Deep brain stimulation for treatment-resistant depression: optimizing interventions while preserving valid trial design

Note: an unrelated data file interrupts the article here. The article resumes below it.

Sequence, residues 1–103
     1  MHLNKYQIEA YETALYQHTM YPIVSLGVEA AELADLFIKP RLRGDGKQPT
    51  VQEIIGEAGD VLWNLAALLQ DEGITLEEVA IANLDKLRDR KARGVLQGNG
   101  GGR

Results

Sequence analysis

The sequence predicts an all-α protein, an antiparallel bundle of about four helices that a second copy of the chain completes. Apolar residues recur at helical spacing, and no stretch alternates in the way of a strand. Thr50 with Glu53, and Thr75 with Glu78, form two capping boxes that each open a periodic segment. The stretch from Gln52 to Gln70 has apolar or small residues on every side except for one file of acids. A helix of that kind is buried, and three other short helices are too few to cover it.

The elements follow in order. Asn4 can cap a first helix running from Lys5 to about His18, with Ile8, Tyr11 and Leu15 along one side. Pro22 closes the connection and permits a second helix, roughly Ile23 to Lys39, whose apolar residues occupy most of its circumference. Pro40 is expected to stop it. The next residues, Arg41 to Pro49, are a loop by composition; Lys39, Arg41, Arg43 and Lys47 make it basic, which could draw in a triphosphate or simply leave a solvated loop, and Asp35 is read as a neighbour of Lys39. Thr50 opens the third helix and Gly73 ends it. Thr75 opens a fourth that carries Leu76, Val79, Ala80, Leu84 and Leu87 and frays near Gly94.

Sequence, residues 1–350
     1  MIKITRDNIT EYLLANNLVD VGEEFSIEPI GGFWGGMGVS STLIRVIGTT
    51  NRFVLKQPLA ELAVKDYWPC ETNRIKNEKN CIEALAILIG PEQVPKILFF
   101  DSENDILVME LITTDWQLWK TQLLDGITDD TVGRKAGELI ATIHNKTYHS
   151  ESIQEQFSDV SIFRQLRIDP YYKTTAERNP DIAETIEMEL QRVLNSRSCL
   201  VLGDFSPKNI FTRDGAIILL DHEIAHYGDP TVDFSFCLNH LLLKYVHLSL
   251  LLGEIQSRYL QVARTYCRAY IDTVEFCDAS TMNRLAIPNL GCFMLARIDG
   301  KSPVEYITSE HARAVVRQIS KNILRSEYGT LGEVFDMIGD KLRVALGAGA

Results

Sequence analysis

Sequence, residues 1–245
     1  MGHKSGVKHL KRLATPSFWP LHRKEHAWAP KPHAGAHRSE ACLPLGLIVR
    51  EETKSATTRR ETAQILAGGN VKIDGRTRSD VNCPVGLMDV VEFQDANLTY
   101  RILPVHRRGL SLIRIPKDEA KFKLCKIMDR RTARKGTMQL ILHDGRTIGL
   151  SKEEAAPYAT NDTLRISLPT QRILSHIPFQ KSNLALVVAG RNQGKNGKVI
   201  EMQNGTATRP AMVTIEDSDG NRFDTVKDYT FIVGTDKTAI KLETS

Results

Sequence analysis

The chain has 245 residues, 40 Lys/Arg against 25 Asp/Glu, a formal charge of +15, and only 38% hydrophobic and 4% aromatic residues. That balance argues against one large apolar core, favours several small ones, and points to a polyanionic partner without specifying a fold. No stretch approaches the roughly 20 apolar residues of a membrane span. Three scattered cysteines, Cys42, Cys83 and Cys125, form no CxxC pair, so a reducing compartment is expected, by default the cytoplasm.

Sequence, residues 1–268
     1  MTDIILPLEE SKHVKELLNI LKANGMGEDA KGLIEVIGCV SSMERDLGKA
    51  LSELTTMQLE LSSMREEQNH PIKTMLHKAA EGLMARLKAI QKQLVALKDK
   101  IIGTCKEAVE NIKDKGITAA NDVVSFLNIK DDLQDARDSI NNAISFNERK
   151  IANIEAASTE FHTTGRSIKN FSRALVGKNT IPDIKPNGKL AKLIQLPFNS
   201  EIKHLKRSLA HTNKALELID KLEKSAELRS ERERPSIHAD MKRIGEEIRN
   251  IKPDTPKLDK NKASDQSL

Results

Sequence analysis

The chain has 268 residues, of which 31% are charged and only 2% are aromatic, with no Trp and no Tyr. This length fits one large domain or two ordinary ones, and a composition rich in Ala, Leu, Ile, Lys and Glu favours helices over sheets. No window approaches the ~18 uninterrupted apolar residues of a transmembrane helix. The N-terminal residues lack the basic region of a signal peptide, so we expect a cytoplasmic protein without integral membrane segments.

Major depressive disorder is a leading cause of disability worldwide, and nearly a third of patients do not respond to psychotherapy and trials of multiple medications (1). For these patients with treatment resistant depression (TRD), deep brain stimulation (DBS) has emerged as a possible therapeutic option. Several small, open-label studies have demonstrated encouraging results with DBS targeting various structures involved in the neurobiology of depression, including the subcallosal cingulate (2-5), ventral capsule/ventral striatum (VC/VS) (6), nucleus accumbens (7), and medial forebrain bundle (8). Despite these promising early studies, two recent randomized, sham-controlled trials were halted after interim analyses showed low likelihood of meeting endpoints, one targeting the VC/VS (9), and the other targeting the subcallosal cingulate (10). At the same time, randomized trials targeting the nucleus accumbens (11) and the ventral anterior limb of the internal capsule (vALIC) (12) for obsessive-compulsive disorder (OCD) observed a significant benefit for co-morbid depression. These disparate results suggest that we need to develop a better understanding of the circuitry that we are targeting in order to obtain more consistent outcomes.